11 July 2009

stubble scratching

Luke doesn’t smoke, but he steals a lot of cigarettes. It’s a habit we used to share. I was more honest about it. I admitted I was a smoker but was usually too broke to buy my own. Luke’s a drunk smoker. After x number of beers (or bottles of wine, measures of whisky, etc. etc.) he starts chaining somebody else’s cigarettes. Usually they’re his brother’s. Marcus is younger and as such tends to put up little resistance to this mooching.

We sat in the pub opposite the British Library and drank away our hangovers, the three of us, and Luke looked in horror as Marcus started rolling a cigarette.

‘What the fuck’s that?’

‘A rollie.’

‘That’s no good – you’re going to have to roll two every time.’


My hangover was particularly pronounced at this point, and I contributed little. There wasn’t much to add, really, just the odd chuckle. I rubbed my eyes a lot, and scratched my stubble – those little physical tics that seem to accompany the morning after.

Luke looked smart in a bespoke pin-striped suit, Marcus shabby in a blazer better-suited to a down-on-luck pensioner cracking open a tin of special brew. I wore shorts, flip-flops and a wrinkled shirt. I stood out a bit.

‘There’s a beer garden in the British Library.’ Luke’s kernel of information grabbed our attention. The bartering for cigarettes ceased. My beer slowly did its work and my hangover subsided. I stopped rubbing my eyes, though I still scratched my stubble occasionally.

‘Really?’ – Marcus and I, in chorus.

Beer garden was a bit of a stretch. There’s a terrace adjoining the café, and the café sells beer. Still, we pondered, it was theoretically possibly to organise a piss-up in the British Library. This delighted us. We set about a rough plan for such an event.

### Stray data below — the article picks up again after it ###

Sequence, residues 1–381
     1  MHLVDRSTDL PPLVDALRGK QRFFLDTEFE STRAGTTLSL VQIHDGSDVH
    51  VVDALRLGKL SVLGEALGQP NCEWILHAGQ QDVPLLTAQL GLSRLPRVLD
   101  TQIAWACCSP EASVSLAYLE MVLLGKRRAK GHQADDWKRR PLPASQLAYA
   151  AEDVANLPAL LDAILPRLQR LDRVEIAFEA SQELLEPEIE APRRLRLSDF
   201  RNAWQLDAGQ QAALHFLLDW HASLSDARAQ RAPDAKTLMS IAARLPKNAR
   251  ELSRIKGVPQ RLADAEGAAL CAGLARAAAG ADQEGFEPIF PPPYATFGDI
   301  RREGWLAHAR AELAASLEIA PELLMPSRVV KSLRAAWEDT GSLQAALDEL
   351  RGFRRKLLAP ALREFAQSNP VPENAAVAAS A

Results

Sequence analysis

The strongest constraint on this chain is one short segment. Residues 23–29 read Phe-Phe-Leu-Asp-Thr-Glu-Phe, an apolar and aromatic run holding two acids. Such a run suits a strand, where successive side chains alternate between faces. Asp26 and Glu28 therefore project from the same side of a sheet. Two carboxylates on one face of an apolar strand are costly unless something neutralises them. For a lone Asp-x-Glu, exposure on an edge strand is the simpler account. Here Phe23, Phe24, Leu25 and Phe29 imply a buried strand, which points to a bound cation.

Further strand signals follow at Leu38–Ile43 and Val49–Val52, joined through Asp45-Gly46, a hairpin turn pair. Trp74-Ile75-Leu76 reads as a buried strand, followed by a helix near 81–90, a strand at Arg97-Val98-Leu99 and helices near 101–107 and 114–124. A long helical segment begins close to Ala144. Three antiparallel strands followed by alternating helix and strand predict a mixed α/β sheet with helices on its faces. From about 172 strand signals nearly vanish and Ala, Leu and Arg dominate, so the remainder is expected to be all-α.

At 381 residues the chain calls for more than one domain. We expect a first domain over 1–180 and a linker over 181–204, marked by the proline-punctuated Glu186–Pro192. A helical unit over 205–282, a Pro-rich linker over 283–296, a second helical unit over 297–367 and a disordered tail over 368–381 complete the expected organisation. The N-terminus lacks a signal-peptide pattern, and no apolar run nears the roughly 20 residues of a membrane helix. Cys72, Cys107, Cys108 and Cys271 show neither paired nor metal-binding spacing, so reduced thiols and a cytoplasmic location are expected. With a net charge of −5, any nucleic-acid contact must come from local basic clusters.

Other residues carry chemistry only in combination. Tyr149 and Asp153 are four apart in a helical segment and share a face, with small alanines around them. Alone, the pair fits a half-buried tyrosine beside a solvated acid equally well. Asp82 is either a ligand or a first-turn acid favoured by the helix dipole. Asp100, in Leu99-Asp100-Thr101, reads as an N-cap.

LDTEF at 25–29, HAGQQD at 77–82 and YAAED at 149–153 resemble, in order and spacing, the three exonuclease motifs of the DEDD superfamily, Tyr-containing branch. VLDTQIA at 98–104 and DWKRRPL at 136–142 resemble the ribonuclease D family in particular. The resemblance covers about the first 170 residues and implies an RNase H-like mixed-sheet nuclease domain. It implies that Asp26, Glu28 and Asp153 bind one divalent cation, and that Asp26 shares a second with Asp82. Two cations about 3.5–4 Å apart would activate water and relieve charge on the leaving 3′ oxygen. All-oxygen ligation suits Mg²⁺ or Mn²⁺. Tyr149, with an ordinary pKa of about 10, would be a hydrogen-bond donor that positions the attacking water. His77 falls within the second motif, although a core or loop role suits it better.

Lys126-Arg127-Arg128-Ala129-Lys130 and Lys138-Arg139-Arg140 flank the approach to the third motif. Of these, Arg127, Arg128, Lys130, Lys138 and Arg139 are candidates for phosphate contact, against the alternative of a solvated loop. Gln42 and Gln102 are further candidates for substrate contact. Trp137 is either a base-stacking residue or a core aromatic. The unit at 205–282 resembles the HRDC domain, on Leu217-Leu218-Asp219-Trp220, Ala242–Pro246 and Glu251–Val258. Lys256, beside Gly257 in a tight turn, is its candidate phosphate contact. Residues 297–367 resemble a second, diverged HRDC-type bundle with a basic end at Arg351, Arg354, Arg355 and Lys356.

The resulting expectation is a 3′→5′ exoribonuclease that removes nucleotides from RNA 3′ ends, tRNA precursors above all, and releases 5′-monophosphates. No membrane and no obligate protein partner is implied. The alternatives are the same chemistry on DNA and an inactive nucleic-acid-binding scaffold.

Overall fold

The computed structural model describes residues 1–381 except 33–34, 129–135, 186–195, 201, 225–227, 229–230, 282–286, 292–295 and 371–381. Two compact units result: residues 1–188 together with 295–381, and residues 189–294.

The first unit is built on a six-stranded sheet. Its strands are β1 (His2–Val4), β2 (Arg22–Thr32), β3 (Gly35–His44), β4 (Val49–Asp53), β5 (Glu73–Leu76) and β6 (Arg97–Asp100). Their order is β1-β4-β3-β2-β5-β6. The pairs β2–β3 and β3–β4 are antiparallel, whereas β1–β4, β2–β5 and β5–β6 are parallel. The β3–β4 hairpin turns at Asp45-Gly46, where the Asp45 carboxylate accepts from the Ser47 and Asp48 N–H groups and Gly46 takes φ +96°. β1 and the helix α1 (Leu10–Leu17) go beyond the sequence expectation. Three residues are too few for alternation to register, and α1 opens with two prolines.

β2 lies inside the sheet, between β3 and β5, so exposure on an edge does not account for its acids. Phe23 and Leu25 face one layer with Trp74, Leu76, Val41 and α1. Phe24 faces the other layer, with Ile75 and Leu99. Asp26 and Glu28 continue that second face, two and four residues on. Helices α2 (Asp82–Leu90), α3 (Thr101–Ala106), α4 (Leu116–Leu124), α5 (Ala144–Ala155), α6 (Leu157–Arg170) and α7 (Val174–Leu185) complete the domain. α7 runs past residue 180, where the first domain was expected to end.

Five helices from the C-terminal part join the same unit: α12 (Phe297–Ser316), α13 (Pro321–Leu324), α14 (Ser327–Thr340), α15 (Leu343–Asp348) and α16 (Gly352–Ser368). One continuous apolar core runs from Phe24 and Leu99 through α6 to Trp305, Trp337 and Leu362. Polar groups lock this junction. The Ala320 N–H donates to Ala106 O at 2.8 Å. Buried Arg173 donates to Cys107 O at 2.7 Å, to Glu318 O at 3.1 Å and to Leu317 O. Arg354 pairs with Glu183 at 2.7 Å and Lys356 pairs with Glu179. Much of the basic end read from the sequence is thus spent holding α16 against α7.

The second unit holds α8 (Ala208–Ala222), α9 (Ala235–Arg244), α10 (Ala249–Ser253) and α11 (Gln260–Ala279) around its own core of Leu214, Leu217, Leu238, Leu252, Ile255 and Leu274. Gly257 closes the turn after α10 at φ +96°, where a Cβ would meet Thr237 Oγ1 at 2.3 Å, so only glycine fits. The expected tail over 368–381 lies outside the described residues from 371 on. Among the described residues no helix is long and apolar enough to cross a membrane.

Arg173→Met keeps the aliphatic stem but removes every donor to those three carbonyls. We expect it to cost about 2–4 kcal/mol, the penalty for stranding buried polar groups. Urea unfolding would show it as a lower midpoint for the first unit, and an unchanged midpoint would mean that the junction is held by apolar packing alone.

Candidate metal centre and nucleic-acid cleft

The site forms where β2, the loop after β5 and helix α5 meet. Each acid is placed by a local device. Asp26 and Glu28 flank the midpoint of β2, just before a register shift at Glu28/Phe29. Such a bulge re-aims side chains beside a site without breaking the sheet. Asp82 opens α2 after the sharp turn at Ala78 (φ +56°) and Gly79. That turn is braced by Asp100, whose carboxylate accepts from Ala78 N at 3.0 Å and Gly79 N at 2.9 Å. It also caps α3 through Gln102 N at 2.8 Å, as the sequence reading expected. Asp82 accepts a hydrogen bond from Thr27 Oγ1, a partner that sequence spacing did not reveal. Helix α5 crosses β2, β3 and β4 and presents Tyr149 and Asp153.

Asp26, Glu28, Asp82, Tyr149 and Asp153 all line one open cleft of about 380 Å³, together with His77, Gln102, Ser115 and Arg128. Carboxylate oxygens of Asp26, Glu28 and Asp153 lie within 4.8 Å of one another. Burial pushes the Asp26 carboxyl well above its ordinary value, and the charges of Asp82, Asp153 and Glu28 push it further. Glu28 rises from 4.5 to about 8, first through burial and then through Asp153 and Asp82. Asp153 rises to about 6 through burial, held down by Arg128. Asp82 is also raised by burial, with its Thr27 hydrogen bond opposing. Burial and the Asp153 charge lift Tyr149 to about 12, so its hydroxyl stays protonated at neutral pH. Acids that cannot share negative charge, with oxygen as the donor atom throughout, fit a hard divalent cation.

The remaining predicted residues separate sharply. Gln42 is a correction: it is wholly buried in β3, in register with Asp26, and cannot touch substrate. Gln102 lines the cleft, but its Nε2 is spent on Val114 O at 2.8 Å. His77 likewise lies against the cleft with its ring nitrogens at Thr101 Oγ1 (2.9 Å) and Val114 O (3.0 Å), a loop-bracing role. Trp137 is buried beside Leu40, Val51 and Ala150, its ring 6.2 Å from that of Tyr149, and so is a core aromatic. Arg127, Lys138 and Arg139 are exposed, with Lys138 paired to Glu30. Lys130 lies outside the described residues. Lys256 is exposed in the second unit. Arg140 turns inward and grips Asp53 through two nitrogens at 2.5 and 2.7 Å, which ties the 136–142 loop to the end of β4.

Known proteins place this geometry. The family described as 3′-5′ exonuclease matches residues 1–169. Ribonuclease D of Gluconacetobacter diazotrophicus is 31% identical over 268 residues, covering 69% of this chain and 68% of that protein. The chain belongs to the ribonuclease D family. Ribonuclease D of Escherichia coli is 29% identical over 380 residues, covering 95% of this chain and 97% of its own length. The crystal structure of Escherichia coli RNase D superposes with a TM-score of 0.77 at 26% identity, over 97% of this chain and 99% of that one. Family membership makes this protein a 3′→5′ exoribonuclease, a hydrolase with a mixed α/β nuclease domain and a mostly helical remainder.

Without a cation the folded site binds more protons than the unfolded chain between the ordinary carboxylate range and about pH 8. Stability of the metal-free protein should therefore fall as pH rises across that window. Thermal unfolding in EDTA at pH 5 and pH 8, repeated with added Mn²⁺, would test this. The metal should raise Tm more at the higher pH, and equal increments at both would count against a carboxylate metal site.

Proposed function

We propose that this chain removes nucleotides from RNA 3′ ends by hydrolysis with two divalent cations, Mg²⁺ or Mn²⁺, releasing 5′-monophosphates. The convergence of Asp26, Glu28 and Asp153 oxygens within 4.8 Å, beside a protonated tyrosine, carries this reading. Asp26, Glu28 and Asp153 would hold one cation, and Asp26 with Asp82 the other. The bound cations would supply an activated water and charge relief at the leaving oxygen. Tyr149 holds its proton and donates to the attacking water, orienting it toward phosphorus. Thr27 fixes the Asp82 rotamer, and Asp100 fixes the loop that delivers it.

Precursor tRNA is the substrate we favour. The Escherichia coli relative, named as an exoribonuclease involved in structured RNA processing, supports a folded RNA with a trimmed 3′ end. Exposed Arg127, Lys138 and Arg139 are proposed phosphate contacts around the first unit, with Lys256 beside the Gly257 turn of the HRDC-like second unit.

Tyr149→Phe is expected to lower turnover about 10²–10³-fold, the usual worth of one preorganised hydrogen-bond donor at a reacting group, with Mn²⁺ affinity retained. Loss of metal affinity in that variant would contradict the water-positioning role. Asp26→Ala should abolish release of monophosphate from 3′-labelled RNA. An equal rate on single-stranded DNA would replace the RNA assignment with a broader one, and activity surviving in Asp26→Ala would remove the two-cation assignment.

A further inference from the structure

We’d have to be there for research. We agreed that the beers should be some manner of self-reward – we should do an hour or so’s worth of work before getting hammered. Luke chuckled mischievously, Marcus wandered outside to smoke his roll-up and I went to the bar to get another round in.

Walking back from the bar I was disappointed to find the table of pretty girls next to us had decamped and disappeared into the thronging London streets. Talk moved away from research-inspired drinking binges and into the generalities of life. Marcus and I described the antics of the night before to Luke, explaining the source of our hangover. Marcus drank slower that I did. I poured more ice into his cider and watched the sudden fizz as the new cubes splashed down. He rolled another and we watched them call the cricket for rain, after Australia pulled ahead of England. Marcus and Luke are big cricket fans; my interest casual at best. I turned around to check out the table of ladies and cursed, forgetting they’d left. Marcus placed his rollie on the table and Luke looked down on it with barely concealed contempt.

I looked at my watch and took another sip of beer. Time for the next pub. The British Library?

Not this time.

As we left, Luke clapped Marcus on the shoulder.

‘You’re going to be rolling a lot of cigarettes tonight.’

large books and reflections.

I find long books awkward and a tad daunting. It's the physicality of it: those awkward first pages and the imbalance between those pages read and those remaining. My index finger saving my place on page 15 of 1079. The feel of those pages unread is the daunting thing, the thinness of those first few a perennial disappointment. It would be far more comfortable to jump in around 450. Until that first chunk is read the book feels like a prop, a weighted block of pages merely there to provide an illusion of intellectual superiority.

It's a peculiar insecurity. One easily solved by voracious reading. Like the gap left by a missing wisdom tooth, I will dwell on it until I forget to, then rediscover it again with the next unread tome.

I'm on a train north again; returning from a fleeting London visit to see my parents and catch up with some friends. I never have enough time in London. I always leave with a drop or two of regret, mulling those things I didn't do and those folk I didn't have time to see. The feeling lingers until after Newcastle, usually dispelled by the Northumbrian coastline and the calm that comes with crossing the border back into Scotland.

There's a young couple at my table on the train, restricting my nesting. My giant tome stays shut and I'm currently debating a nap. It's the flat part of the trip - there's not much to see outside. The sun's finally creeping out from the neutral overcast above. I'm struggling to stay awake, but I always worry I'll snore when there are people at my table.

Oh well.